It was simple enough: Derived conceptually from other building bricks on the market, the LEGO Bricks stayed together when stacked – dependent on clutch rather than just gravity to hold them together. It has been recently discovered that the development pathway from the back-of-the-napkin drawing of proposed design for the stud and tube configuration to submitted patent was only a few days.
The brick allowed building to be rapidly deployed – initially in HO scale, consistent with major modelling standards used in other hobbies. To add play value, we saw the town plan: somewhere to place the buildings, and use them in conjunction with toy cars and miniature people.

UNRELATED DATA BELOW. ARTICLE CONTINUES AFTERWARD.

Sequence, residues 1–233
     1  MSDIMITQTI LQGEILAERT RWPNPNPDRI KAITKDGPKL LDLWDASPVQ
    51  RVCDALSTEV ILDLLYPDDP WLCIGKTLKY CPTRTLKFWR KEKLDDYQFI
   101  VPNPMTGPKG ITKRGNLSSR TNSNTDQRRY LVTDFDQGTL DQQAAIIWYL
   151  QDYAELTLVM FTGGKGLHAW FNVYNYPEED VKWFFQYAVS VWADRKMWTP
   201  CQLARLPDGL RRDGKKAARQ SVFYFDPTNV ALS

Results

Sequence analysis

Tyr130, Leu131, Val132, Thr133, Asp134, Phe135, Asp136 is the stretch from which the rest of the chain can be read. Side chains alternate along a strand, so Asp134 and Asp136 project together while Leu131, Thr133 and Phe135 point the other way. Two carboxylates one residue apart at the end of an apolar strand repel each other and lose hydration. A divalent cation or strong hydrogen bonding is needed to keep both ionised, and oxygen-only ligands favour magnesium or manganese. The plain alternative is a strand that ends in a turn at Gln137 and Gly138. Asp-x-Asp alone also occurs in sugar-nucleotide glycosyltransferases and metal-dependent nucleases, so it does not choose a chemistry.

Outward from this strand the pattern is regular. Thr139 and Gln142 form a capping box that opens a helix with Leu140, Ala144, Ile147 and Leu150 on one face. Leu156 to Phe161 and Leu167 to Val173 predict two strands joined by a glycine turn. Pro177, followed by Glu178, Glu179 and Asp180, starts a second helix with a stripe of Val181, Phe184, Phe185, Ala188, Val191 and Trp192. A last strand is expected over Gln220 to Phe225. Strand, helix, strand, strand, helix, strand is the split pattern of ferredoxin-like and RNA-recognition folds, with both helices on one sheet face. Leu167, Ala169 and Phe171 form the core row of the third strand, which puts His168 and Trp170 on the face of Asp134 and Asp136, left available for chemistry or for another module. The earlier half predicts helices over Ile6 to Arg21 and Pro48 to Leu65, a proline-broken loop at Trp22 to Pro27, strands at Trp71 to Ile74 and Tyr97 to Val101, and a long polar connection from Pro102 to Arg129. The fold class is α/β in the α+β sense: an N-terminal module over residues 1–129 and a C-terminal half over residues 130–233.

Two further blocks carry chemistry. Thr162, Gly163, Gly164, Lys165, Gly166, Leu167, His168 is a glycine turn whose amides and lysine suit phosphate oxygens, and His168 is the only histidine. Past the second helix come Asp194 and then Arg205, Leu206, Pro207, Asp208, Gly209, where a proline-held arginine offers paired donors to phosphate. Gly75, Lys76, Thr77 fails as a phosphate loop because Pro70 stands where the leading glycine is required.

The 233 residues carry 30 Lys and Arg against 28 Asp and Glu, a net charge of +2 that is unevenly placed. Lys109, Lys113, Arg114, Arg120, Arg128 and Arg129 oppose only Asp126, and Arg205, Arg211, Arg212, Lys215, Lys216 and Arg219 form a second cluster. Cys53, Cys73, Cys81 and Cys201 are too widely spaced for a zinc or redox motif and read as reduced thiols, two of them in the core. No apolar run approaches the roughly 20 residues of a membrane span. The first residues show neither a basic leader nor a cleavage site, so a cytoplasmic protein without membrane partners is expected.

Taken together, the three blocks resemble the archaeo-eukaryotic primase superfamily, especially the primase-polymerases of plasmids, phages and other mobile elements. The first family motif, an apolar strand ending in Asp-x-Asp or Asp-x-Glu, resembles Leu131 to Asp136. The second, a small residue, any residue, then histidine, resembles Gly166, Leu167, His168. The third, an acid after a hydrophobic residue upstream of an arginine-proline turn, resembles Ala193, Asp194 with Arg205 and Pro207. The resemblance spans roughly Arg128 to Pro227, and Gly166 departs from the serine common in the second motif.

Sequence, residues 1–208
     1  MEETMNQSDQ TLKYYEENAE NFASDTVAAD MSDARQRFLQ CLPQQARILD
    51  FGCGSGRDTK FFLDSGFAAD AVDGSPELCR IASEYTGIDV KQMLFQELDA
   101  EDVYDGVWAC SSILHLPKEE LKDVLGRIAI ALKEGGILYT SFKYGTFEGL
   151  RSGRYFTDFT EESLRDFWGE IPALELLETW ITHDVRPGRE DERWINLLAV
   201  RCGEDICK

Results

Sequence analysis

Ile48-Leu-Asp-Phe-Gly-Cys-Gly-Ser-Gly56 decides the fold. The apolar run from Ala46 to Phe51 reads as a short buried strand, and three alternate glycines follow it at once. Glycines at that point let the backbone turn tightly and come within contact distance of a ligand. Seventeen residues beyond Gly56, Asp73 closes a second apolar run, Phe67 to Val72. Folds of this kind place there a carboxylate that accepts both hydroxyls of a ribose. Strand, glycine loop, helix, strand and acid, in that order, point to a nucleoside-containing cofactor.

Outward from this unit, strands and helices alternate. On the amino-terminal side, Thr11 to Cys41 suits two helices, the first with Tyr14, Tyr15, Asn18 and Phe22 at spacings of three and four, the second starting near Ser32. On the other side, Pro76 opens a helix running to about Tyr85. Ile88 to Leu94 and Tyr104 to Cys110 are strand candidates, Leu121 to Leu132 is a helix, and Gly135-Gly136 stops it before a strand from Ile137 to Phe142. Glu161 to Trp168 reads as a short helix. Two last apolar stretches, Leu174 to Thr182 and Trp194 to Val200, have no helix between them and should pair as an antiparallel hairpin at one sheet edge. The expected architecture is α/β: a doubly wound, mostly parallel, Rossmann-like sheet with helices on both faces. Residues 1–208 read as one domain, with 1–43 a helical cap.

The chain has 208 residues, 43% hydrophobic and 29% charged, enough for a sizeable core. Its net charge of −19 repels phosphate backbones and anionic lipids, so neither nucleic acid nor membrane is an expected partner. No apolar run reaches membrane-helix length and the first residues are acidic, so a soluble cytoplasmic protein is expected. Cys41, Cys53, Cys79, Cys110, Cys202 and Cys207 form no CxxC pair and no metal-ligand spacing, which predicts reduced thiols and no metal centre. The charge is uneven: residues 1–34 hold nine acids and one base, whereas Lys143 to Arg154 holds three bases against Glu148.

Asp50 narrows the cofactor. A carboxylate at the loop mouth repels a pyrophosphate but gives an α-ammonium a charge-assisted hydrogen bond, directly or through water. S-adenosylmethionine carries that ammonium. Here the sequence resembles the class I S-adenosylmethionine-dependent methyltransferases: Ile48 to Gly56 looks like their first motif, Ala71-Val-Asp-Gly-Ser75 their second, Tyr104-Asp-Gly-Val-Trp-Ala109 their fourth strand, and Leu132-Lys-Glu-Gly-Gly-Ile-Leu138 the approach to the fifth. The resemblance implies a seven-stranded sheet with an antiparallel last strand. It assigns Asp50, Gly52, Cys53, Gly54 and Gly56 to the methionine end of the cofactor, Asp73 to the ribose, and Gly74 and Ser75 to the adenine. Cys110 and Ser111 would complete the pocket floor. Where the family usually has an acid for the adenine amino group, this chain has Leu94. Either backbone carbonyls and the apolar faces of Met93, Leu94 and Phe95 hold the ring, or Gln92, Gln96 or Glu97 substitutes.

But beyond that, the brick was elegant in both its simplicity and complexity: with just six 2×4 bricks we have over 915,103,765 different combinations. We don’t have time to go into all of them now. Please don’t expect me to come back to it…
To demonstrate the potential of the brick, the LEGOLAND park was established, with enormous models, on a scale never before seen. To this day, the sculptures around the park and the Miniland areas remain a highlight of a day’s visit.
Of course, it is one thing to exhibit large scale models: unfortunately, they do take up more resources – in both space and brick – than many people could afford.
LEGO Models, sold in kit form, were developed – providing the chance to put together building and vehicles, at something approximating a consistent scale. However, without a population, the towns were dull, empty and lifeless.